I was already reeling from the news out of Brussels this morning when I saw a headline that stopped me in my tracks. For a moment, I thought I was mistaken but, sure enough, the report said that Rob Ford, the former mayor of Toronto, had died.
What? How? Sure, I knew he was sick – my kids and I were just talking about his cancer treatments last weekend – but I had just seen a video of him in a hospital bed talking about how he was going to fight back like he always did. Only, this time, there was no coming back. He was just days from losing his battle.
Photo by Aaron Vincent Elkaim/Getty Images
I won’t sugarcoat it. The man was polarizing and controversial. He was even, at times, a hot mess. He admitted to using crack. He was seen in public drunk many, many times. He made comments that some viewed as racist or sexist. Still, he was also very loved by many people. Despite his wealth, he related best to the common working-class Canadian and those people, also known as “Ford Nation,” mourn for him today.
Back in June of 2014, Ford completed a two-month stint in rehab and, upon his release, said: ”I have made mistakes and all I can do right now is apologize for those mistakes. I love the work that I do and I’m going to keep doing it. I want to keep working for the people of this city.”
Before heading into politics, Ford and his brothers worked at the multimillion-dollar family business, Deco Labels & Tags, which was founded by his father, Doug Ford, Sr., who also served as an Ontario MPP. This sparked an interest among Rob and his brothers which led to them entering municipal politics.
In 2000, he was elected councillor for Ward 2 Etobicoke North (a surburb of Toronto) and gained quite a reputation for his commitment to the post, even returning phone calls to constituents personally. While he was brash and tried to cut costs, he also gave out his home phone number in an attempt to be accessible to the people he served. He rewarded them with his annual Ford Fest summer barbecue and by coaching a local high school football team.
By the time he ran for Mayor of Toronto in 2010, his approach to politics was well known in the area. He promised the taxpayers that he would “stop the gravy train” at city hall and won the mayoral seat of Canada’s largest city.
It wasn’t all roses, though. His personal life and demons became a real distraction during his time in office. When, in 2013, Ford admitted that he had smoked crack cocaine and added that it was probably during one of his “drunken stupors,” he gained international attention. He downplayed the reports and insisted that he was not battling an addiction. Unfortunately, the situation escalated some months later when videos of him acting erratically surfaced. Ford ended up taking a two-month leave of absence to enter into treatment for drug and alcohol abuse.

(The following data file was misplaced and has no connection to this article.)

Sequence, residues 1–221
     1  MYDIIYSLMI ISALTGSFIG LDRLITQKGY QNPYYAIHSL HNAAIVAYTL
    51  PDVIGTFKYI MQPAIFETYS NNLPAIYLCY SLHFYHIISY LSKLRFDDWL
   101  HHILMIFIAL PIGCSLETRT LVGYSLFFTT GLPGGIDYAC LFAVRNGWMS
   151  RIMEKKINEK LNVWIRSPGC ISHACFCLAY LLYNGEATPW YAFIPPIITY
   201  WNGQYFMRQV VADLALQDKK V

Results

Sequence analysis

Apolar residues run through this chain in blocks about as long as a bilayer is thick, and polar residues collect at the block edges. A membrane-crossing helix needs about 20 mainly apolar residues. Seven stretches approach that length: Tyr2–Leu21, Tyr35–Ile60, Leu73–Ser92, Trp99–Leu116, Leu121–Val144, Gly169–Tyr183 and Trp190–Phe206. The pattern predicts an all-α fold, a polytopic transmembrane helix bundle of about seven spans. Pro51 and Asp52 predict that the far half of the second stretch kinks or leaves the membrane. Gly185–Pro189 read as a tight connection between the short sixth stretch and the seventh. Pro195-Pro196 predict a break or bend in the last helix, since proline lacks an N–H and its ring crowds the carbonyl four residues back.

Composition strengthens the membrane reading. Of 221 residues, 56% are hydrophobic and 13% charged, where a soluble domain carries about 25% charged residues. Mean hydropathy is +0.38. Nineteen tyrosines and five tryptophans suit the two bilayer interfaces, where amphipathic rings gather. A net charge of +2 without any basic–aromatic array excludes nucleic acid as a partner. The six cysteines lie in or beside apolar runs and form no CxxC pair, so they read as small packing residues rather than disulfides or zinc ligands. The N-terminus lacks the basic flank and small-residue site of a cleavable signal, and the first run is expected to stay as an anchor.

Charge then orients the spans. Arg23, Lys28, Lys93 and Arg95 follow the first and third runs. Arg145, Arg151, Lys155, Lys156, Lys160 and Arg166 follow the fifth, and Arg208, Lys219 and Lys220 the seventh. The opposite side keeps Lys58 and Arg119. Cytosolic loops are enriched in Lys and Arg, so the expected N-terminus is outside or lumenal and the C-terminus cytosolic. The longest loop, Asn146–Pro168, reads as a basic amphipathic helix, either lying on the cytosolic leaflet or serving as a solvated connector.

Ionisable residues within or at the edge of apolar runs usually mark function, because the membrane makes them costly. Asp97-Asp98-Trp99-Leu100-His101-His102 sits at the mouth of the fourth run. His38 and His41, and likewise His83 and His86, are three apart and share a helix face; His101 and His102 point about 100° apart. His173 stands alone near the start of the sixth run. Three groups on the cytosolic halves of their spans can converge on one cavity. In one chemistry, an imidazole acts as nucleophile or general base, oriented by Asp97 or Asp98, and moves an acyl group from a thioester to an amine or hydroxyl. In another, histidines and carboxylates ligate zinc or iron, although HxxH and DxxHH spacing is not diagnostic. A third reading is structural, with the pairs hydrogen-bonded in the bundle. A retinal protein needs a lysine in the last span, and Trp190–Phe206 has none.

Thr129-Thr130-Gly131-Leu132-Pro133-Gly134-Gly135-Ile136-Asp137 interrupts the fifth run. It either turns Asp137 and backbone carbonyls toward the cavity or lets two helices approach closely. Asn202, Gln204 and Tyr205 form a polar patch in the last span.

In 2014, Ford still had a lot of support for his re-election campaign when he was diagnosed with a rare, aggressive type of malignant tumor in his abdomen. This forced him to withdraw from the mayoral race (which prompted his brother, Doug, to throw his hat in the ring). The growth was removed the following year and it seemed as though there were no other signs of cancer in his body. Unfortunately, this past fall, Doug Ford announced that two new tumors had been found on Rob’s bladder. Despite treatment, Ford lost his life at just 46 years of age.
His chief of staff, Dan Jacobs, has issued the following statement:
“With heavy hearts and profound sadness, the Ford family announces the passing of their beloved son, brother, husband, and father, Councillor Rob Ford earlier today at the age of 46.
A dedicated man of the people, Councillor Ford spent his life serving the citizens of Toronto. The family asks that you respect their privacy and join them in their grieving and their prayers. The family will not be making any statements to the media or taking any questions. Information will follow at a later time regarding memorial services.
Over his decade and a half in municipal politics, Ford won a devoted following for being a straight talker who championed the average taxpayer.”
Regardless of what anyone thought of his politics, Rob Ford was a Canadian who wanted to make a difference. He was loved by many and will, undoubtedly, be mourned by his constituents, friends, and, of course, family.